Have you ever wondered why some apps ask for access to the microphone on your phone? Be careful: In some cases, the only reason is because the app wants to collect marketing data about your media habits.

On Thursday, the Federal Trade Commission sent a letter to a dozen app developers that warned them not to abuse so-called “audio beacons,” which are capable of picking up secret noise signals embedded in TV shows. The beacon, which relies on your phone’s built-in microphone, can serve to confirm you watched a given program.

It’s unclear to what extent this is currently taking place in the United States. While the FTC shared a copy of the letter, it did not identify the app developers; however, it did refer to the use of “code published .. in the Google Play store,” which indicates the developers are focused on Android devices.

The FTC also describes an underlying technology offered by an Indian company called SilverPush. The letter cites a Forbes article that describes how SilverPush had used “inaudible sound to let brands keep tabs on people’s online lives across TVs and smartphones for more than a year.”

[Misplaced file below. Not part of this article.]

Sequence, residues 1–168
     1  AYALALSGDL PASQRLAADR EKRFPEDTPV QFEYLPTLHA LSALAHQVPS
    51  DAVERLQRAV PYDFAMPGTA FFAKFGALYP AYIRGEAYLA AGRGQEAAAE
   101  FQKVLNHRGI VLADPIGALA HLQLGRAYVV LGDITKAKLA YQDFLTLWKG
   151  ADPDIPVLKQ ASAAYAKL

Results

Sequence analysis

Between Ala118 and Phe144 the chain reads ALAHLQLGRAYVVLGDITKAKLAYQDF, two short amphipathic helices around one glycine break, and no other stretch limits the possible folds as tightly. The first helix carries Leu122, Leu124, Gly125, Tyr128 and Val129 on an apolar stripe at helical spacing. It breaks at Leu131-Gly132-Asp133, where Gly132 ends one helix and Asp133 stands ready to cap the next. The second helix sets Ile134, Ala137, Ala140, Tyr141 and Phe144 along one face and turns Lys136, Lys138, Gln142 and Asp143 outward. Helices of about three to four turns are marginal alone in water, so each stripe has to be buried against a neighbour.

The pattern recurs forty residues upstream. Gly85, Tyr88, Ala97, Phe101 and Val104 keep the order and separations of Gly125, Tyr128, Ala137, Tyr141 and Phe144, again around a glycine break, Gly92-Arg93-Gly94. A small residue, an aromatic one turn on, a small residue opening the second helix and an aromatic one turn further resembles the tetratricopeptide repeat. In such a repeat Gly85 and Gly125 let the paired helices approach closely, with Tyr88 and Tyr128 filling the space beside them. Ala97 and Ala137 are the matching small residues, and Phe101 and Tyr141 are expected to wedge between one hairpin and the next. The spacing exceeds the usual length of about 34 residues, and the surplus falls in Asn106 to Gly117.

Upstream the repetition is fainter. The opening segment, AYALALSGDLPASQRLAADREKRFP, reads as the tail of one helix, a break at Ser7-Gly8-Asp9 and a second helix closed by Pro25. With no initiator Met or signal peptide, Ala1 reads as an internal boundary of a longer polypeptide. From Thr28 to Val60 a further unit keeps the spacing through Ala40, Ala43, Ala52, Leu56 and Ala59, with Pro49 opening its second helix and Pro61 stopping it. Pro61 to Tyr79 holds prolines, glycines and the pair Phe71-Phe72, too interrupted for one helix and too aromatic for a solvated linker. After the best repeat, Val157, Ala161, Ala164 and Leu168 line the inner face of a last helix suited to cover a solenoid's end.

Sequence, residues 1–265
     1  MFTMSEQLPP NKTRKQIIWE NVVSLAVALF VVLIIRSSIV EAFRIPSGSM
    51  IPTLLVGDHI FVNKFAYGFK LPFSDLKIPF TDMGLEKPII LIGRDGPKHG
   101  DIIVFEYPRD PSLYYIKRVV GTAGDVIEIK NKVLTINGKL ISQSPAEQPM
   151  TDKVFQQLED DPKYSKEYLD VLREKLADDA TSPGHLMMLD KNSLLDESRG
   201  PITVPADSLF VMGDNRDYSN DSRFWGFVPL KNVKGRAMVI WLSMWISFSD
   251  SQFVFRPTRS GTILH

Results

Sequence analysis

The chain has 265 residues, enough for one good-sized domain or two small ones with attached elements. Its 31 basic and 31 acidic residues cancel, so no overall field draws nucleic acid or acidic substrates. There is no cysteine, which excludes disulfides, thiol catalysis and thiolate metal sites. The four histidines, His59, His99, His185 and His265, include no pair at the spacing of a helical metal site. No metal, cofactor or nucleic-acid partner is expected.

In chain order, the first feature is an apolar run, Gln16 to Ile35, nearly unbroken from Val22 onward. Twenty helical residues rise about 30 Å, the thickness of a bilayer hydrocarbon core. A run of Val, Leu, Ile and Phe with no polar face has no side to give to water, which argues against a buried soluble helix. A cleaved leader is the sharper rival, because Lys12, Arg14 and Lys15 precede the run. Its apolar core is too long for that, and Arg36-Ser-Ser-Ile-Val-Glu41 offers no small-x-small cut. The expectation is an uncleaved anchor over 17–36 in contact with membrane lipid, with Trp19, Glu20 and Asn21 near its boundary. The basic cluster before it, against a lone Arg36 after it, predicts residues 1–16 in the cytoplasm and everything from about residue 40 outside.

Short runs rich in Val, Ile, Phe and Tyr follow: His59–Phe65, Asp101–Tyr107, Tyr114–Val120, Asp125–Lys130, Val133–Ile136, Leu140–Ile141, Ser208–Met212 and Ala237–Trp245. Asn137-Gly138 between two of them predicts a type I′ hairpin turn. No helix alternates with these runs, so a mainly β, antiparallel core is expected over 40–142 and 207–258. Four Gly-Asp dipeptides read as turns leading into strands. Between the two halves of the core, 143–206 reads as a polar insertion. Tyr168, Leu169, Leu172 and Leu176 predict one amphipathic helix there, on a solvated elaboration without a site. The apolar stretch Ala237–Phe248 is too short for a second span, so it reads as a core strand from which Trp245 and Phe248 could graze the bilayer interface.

In the letter, the FTC also notes that the app makers have been embedding the SilverPush code and asking for permission to use consumers’ microphones—even though their apps don’t require the microphone to operate.



If you read between the lines, the fuss over SilverPush appears to be a new twist on an old scam: An app maker encourages a user to install an app (typically for free) that is marketed for one task—but whose real purpose is to suck up marketing information.

Get Data Sheet, Fortune’s technology newsletter.

The most famous example of this scam is an Android app called “Brightest Flashlight.” The developer of the app persuaded over 50 million people to download it, and then harvested their location data and sold to marketers.

While the FTC took action on the Brightest Flashlight issue in 2013, the agency didn’t impose any fine, in part because of rules that restrict the agency’s powers for first time offenses.

In the case of this new microphone ruse, the FTC appears to be sending an early warning shot across the bow of the developers— this could help them crack down harder later on, if the privacy violations materialize.

“These apps were capable of listening in the background and collecting information about consumers without notifying them,” said Jessica Rich, Director of the FTC’s Bureau of Consumer Protection, in a statement. “Companies should tell people what information is collected, how it is collected, and who it’s shared with.”